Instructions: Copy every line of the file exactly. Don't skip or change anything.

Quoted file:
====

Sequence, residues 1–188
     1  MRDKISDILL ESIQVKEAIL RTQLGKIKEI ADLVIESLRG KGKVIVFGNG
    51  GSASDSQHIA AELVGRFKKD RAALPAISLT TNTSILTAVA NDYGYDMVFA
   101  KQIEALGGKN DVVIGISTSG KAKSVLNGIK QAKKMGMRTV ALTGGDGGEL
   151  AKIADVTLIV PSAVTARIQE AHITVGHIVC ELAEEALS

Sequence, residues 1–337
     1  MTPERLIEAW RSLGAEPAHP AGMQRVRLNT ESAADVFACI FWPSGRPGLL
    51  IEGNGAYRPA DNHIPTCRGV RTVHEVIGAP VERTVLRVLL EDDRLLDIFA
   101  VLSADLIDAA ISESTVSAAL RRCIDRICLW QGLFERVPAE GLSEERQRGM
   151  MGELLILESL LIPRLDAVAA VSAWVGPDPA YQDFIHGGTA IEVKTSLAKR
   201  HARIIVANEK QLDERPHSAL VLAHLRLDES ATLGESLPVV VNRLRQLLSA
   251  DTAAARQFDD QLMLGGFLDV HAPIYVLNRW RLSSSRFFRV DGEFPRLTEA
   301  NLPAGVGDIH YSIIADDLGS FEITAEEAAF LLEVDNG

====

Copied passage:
Sequence, residues 1–188
     1  MRDKISDILL ESIQVKEAIL RTQLGKIKEI ADLVIESLRG KGKVIVFGNG
    51  GSASDSQHIA AELVGRFKKD RAALPAISLT TNTSILTAVA NDYGYDMVFA
   101  KQIEALGGKN DVVIGISTSG KAKSVLNGIK QAKKMGMRTV ALTGGDGGEL
   151  AKIADVTLIV PSAVTARIQE AHITVGHIVC ELAEEALS

Sequence, residues 1–337
     1  MTPERLIEAW RSLGAEPAHP AGMQRVRLNT ESAADVFACI FWPSGRPGLL
    51  IEGNGAYRPA DNHIPTCRGV RTVHEVIGAP VERTVLRVLL EDDRLLDIFA
   101  VLSADLIDAA ISESTVSAAL RRCIDRICLW QGLFERVPAE GLSEERQRGM
   151  MGELLILESL LIPRLDAVAA VSAWVGPDPA YQDFIHGGTA IEVKTSLAKR
   201  HARIIVANEK QLDERPHSAL VLAHLRLDES ATLGESLPVV VNRLRQLLSA
   251  DTAAARQFDD QLMLGGFLDV HAPIYVLNRW RLSSSRFFRV DGEFPRLTEA
   301  NLPAGVGDIH YSIIADDLGS FEITAEEAAF LLEVDNG